Neodymium isotope provenance of eolian dust in the South Pacific from 70 to 30 Ma

Author(s): Rencurrel, M. C.; Thomas, D. J.
Author Affiliation(s): Primary:
Texas A&M University, Department of Atmospheric Sciences, College Station, TX, United States
Volume Title: AGU 2013 fall meeting
Source: American Geophysical Union Fall Meeting, Vol.2013; American Geophysical Union 2013 fall meeting, San Francisco, CA, Dec. 9-13, 2013. Publisher: American Geophysical Union, Washington, DC, United States
Note: In English
Summary: The Late Cretaceous and Early Paleogene was the most recent interval of global greenhouse warmth, likely due to atmospheric carbon dioxide levels that were 2-5 times higher than modern levels. Proxy reconstructions of sea-surface temperatures suggest that the meridional temperature gradient during the Early Eocene (∼50 Ma) was possibly as much as 15°C lower than that of the modern. Theory and climate model simulations predict that one potential consequence of overall warmth and the associated low meridional thermal gradient is that zonal wind belts extended further poleward than in the modern climate. The resulting variations in zonal wind patterns likely would have impacted the transport of heat and moisture. In this study we generated temporal records of dust provenance to reconstruct zonal wind patterns in the Southern Hemisphere. The Neodymium (Nd) isotopic composition of eolian dust that accumulated in pelagic sediments retains the fingerprint of the dust source region and therefore may be a useful indicator of wind direction accumulation in locations far removed from the influence of fluvial or hemipelagic processes. Here we present the first Late Cretaceous and Early Paleogene eolian provenance records from South Pacific DSDP Site 596 and IODP Site U1370. The paleo-latitude of Site U1370 was ∼60°S at 50 Ma, while the paleo-latitude of Site 596 was ∼35°S. The detrital εNd(t) values recorded at both Sites 596 and U1370 varied between ∼-6.5 and -9 throughout the 70 to 30 Ma study interval, with little overall temporal trend. The similarity of values at both sites suggests that the overall source of dust to this broad region spanning the subtropics to temperate latitudes was similar. The relatively low Nd isotopic signature indicates a significant contribution of dust from a continental source region. The likely Southern Hemisphere source in the Pacific was Australia implying that both sites were influenced by the westerlies throughout the study interval.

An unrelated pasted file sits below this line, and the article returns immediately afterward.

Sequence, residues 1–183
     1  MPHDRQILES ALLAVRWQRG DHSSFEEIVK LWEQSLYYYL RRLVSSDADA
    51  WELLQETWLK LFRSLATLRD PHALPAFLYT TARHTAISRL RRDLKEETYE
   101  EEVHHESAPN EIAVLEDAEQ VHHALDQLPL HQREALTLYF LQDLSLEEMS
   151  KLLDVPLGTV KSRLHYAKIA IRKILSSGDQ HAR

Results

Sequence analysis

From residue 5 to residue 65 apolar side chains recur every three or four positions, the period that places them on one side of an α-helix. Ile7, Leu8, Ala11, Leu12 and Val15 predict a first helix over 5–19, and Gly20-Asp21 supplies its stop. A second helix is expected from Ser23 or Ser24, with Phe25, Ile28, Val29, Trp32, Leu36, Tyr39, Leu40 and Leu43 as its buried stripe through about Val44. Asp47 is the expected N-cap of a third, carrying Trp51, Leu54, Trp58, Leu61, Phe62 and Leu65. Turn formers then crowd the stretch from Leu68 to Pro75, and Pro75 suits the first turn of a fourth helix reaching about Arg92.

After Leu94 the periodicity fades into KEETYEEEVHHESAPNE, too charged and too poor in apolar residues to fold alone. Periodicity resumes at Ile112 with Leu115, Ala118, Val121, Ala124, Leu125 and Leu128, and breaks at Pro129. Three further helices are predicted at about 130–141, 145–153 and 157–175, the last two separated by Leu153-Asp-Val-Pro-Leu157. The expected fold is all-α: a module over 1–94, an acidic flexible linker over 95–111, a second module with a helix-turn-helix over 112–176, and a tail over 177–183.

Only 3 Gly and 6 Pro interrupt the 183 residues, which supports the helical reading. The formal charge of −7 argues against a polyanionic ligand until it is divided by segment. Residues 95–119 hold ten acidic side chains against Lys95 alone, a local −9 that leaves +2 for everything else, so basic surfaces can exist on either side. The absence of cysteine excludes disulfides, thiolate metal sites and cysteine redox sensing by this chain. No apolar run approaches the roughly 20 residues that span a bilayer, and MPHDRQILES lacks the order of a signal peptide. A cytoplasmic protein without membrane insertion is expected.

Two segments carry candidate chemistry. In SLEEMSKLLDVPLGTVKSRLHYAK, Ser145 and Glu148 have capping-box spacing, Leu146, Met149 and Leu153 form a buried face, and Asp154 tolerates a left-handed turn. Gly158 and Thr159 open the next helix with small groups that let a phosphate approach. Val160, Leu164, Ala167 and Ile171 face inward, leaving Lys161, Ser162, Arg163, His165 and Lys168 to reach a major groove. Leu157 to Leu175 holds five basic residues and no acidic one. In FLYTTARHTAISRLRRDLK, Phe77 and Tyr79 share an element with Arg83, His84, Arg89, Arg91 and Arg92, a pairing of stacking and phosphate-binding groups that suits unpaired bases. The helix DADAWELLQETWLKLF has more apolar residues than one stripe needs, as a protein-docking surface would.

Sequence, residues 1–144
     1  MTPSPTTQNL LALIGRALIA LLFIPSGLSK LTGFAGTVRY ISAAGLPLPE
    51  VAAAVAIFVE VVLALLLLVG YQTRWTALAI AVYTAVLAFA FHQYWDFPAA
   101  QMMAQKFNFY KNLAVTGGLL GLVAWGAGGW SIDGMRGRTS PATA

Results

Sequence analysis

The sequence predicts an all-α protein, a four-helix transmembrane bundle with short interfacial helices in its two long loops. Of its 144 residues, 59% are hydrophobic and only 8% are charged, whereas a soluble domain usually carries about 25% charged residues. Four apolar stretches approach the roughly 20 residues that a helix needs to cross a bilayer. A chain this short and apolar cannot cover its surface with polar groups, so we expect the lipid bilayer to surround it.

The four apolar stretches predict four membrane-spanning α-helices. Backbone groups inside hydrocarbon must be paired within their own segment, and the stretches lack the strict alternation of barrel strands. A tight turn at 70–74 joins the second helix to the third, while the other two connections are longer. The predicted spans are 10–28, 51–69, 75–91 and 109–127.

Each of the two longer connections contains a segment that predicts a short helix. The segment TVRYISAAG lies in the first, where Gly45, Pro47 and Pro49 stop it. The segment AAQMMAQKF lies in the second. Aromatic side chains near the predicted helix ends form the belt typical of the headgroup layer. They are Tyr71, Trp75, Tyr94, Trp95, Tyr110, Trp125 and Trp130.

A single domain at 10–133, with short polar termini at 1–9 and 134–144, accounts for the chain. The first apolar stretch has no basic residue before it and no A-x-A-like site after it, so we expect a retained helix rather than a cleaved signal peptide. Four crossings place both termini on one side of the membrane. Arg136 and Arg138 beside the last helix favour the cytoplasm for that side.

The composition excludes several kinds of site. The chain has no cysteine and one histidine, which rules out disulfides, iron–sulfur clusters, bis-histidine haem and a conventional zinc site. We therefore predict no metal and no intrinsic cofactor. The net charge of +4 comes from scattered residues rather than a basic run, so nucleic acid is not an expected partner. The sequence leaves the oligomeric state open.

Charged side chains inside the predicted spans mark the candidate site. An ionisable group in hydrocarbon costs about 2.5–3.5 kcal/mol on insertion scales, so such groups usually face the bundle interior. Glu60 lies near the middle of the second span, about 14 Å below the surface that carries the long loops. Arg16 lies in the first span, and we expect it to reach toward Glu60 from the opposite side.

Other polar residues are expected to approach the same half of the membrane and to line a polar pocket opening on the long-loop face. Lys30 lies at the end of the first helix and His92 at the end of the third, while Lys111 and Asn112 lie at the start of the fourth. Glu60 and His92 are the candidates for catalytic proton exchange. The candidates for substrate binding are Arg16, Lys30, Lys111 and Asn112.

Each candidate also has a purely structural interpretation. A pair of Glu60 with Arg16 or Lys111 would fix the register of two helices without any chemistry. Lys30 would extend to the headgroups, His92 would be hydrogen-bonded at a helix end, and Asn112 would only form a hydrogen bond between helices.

Year of Publication: 2013
Research Program: DSDP Deep Sea Drilling Project
IODP Integrated Ocean Drilling Program
IPOD International Phase of Ocean Drilling
Key Words: 12 Stratigraphy, Historical Geology and Paleoecology; Cenozoic; Clastic sediments; Cores; Cretaceous; DSDP Site 596; Deep Sea Drilling Project; Dust; East Pacific; Expedition 329; IODP Site U1370; IPOD; Integrated Ocean Drilling Program; Isotopes; Leg 91; Lower Paleogene; Marine sediments; Mesozoic; Metals; Neodymium; Pacific Ocean; Paleogene; Rare earths; Sediments; South Pacific; Southeast Pacific; Tertiary; Upper Cretaceous
Coordinates: S415107 S415107 W1530623 W1530623
S235113 S235111 W1653916 W1653917
Record ID: 2015080398
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